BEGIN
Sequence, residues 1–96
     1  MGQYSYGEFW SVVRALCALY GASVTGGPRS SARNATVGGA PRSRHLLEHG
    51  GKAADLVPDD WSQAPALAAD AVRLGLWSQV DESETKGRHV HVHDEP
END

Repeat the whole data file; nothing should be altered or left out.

Sequence, residues 1–96
     1  MGQYSYGEFW SVVRALCALY GASVTGGPRS SARNATVGGA PRSRHLLEHG
    51  GKAADLVPDD WSQAPALAAD AVRLGLWSQV DESETKGRHV HVHDEP